As for plot lines ... well, when I feel I have enough of a concept to make a start on something tangible, I build the big picture from my research notes and thoughts, by writing dozens of keywords and ideas (for action and themes and locations and so on) on small post-it notes. And I sometimes put whole rough sentences on larger post-its, to capture key events and activities. Eventually I’m ready to map out several parallel plot lines against a tentative chapter sequence, in a big matrix on a flip-chart page or two, and then slap each post-it onto it in a potentially good place. Then I keep re-working the whole thing until it seems at least viable. The technique is known as meta-planning.

After that I’m ready to transfer the structure and all the keywords and so on into a WP file (that’s what I call “text blocking”), making great use of different font colours and multi-coloured text highlighting. And now I have my first, very incomplete draft of the story, probably still without a single proper sentence. Then I try to write the first few paragraphs, and the final ones.

From that point on, the plot lines tend to develop in my head as I do more detailed text blocking, and they often get further refined, dynamically, once I’m finally producing “real words.”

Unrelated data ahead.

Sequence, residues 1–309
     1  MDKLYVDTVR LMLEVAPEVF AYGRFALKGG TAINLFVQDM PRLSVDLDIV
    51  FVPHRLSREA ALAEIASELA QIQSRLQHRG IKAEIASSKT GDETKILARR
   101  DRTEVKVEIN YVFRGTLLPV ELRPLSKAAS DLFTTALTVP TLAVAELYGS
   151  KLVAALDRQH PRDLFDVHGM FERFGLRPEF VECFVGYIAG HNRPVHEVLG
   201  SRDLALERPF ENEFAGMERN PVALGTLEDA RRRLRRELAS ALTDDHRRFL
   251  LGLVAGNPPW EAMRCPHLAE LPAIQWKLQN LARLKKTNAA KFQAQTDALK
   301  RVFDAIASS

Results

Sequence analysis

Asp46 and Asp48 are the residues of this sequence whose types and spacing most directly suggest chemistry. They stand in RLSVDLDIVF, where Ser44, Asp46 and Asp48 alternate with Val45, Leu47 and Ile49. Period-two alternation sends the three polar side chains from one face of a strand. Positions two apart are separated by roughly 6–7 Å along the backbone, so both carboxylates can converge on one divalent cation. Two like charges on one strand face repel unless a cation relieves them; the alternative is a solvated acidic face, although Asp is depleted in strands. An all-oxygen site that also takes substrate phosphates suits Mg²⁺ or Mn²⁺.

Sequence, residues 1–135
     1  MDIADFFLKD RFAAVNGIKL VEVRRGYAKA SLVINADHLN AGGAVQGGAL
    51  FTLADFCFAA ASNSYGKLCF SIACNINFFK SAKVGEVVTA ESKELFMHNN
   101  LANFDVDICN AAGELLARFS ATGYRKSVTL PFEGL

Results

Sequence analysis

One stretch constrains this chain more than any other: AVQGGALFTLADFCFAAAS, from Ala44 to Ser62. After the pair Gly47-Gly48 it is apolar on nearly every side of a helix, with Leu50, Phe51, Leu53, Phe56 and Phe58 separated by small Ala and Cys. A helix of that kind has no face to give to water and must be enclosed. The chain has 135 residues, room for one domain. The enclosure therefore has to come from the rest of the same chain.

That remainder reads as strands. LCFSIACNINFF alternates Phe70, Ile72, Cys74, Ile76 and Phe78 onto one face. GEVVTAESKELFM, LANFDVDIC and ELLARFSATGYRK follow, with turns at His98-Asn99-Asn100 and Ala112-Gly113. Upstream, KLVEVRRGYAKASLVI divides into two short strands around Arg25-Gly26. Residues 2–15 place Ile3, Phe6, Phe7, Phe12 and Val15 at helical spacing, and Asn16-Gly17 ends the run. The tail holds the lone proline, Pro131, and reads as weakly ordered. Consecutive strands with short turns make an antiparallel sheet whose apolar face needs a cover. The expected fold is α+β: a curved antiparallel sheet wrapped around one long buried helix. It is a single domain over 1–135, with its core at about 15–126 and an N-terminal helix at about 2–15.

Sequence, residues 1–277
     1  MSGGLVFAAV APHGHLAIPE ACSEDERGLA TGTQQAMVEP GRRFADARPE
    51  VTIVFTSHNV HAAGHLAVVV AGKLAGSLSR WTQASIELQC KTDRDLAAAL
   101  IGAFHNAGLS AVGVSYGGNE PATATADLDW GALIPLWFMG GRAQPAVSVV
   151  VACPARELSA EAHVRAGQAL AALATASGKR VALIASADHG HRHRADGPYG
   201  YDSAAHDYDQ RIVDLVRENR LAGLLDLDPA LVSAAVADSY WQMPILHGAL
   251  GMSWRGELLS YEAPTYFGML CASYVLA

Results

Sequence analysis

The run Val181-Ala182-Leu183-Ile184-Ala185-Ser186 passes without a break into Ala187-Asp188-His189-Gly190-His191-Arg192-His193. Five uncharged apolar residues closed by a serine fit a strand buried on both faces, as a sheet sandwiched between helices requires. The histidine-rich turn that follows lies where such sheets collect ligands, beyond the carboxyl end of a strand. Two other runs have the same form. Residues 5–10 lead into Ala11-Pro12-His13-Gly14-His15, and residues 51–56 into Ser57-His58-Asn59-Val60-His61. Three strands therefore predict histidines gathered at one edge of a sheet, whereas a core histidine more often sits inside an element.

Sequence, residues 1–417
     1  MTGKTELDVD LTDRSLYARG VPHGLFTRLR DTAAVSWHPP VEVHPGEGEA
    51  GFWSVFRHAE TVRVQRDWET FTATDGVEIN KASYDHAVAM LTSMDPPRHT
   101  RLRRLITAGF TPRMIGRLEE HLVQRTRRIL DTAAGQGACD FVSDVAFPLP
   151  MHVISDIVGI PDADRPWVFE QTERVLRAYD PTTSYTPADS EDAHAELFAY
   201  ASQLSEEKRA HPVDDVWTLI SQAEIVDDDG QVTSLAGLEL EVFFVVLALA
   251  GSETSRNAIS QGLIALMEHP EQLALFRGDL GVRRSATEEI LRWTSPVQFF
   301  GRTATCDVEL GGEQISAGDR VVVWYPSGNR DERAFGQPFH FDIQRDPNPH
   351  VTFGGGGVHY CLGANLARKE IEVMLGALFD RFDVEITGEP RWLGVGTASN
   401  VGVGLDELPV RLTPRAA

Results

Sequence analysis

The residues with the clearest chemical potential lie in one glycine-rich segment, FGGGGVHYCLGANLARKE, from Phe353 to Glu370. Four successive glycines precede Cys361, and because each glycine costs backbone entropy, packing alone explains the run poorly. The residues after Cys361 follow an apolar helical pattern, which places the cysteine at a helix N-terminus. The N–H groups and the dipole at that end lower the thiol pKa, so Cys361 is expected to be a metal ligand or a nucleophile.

Do you ever have a problem with writer’s block?

Sometimes, although it’s not so much being lost for words (!) as recognising the need to stop and work out precisely how something ought to happen, or “how it could have come to this,” or what might be some reasonably plausible “science” behind a rather speculative bit of fiction! I’ve found the best solution is to start wandering around the house or garden and talking it through to myself, out loud, until I’m comfortable. Then I’ll either use the voice recorder to capture the “answer,” or get straight back to my post-it notes or the PC.